The two turnouts were given an initial layer of paint with airbrush. The Peco turnouts are partially rebuilt with wooden sleepers and as the remaining black plastic sleepers need grey paint to blend in with the rest of the sleepers the overspray caused by airbrushing isn't a problem.

I airbrushed the point as the black plastic sleepers have to be painted grey anyway. A little rust overspray is easily fixed in that process.

I'm now going over the painted rails checking for faults and spots missing paint. Then I will be adding irregular spots with lighter and darker rust paint here and there. Once ballasted I will be adding a layer of dust to the completed track with a combination of airbrushed paint and weathering powders..

And just when you think the job is done, it turns out that the other side of the rails needs painting too!

While my small layout is usually viewed from one side only, both sides of the rails have to be painted. On a quiet day in my vacation the two modules are in for an outdoor painting session in the shade. Until then there is work to be done on both loading ramp and a vehicle.

Thursday, 15 July 2021

Ford A Lorries

From a dealer in France I have recently acquired two 1/18 Ford A lorries for a modest sum. For a long time I have been wanting to be able to pose a Ford AA lorry next to the loading ramp on my small Nystrup Gravel layout. Now I have a basis to work from.

Both Ford A models posed in the garden on my road photo plank. It's obvious that the left model has suffered some damage to its rear axle and suspension.

Unfortunately the package must have had a rough trip up north from France as it arrived in a rather battered state. The Ford A pick-up was only slightly damaged with a broken off front bumper. The Ford A salvage vehicle was worse off. One rear wheel destoyed, rear axle and crane assembly bent and it too had the front bumper damaged. As I will be rebuilding them both to some degree the damage isn't particularly annying and I never considered contacting the shipping provider. I need another Ford A model to source parts for a future locomotive project and will consequently have parts to substitute. The rest of the damage will be relatively easy to repair.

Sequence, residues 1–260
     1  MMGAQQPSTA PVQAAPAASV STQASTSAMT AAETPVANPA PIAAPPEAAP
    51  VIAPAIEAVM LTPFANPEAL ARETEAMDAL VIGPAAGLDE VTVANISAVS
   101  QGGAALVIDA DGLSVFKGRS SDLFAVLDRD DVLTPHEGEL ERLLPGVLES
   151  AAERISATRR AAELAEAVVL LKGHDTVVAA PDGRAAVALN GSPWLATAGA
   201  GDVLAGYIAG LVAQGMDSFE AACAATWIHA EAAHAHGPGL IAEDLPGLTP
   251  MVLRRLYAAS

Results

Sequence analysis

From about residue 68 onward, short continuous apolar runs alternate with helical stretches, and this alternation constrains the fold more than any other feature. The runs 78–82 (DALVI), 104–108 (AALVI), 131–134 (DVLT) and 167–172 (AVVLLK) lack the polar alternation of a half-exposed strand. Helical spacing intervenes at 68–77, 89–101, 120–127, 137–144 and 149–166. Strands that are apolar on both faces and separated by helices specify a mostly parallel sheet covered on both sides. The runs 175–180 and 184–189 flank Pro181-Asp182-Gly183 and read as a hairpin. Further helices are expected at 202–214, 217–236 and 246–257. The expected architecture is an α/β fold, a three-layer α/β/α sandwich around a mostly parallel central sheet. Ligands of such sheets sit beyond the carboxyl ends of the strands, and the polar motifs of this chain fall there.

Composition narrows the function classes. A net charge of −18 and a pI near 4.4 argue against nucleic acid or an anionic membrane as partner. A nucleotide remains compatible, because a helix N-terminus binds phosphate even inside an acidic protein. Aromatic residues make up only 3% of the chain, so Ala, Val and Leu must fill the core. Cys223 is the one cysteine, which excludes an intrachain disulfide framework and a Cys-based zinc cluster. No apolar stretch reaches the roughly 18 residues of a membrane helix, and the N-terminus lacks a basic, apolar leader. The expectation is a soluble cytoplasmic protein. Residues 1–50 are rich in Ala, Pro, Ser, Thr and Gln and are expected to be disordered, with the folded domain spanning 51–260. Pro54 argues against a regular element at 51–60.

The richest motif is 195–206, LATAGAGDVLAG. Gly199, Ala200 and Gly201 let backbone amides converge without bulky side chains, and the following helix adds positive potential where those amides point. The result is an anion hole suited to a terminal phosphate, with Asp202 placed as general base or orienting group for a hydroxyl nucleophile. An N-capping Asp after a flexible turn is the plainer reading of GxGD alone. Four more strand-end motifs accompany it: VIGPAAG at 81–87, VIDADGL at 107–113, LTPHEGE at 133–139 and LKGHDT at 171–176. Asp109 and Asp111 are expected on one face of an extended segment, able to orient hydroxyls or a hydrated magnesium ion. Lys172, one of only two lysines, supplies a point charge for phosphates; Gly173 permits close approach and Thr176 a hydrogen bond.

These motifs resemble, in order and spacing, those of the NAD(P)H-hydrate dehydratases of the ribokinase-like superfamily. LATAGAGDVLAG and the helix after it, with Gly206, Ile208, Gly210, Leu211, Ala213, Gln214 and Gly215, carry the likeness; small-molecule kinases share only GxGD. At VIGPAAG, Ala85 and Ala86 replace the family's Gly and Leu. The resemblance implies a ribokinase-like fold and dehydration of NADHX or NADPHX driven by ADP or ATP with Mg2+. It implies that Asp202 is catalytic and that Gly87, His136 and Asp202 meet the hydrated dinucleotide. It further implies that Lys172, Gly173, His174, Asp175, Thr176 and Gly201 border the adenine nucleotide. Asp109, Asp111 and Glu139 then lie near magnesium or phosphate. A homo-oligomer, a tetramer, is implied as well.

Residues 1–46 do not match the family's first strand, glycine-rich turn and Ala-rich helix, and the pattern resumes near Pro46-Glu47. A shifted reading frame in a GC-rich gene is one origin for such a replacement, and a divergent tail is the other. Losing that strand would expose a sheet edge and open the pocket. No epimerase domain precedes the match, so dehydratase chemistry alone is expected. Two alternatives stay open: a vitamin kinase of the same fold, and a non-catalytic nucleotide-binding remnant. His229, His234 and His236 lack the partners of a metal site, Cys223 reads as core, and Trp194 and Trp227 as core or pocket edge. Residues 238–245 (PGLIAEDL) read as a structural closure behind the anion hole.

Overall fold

The Ford pick-up that I intend to rebuild into a Ford AA lorry. A nice model with the main proportions of bonnet and cab well captured.

The Ford A-models are produced by Motor City Classic in China made in the usual heavy die-cast metal. Some of the details are a little clumsy due to the production method and the fact that cab doors are designed to open and close.

Clearly this little recovery vehicle has taken a beating on its way through Europe. I will no doubt be able to put everything straight again, probably before the pick-up truck is rebuilt into a Ford AA lorry.

As usual my plan involves some scratchbuilding as no manufacturer produces the Ford AA lorry that I want for my layout. With parts from one of the 1/18 Fords I now have the basic parts to work from. I will need to lengthen the chassis, reposition rear mudguards, shorten footboards under the cab and build a new load bed. I also have to exchange the wheels with metal stamped wheels as the usual spoked wheels were too weak for lorry use. The wheels will probably be the difficult part of the project, but I suppose 3D-printing may be a solution.

The recovery vehicle will probably be built as a well used Ford from the local garage or tractor repair shop. Perhaps a project for the upcoming vacation's summer cottage modelling?

Saturday, 10 July 2021

Fish Plates Fitted

Like the first railways managed just fine without fish plates so have Nystrup Gravel for some time now. As the real gravel line at Nystrup used fish plates to make a firm connection between individual rail lengths, it has only been temporary. Now the fish plates have been made and fitted.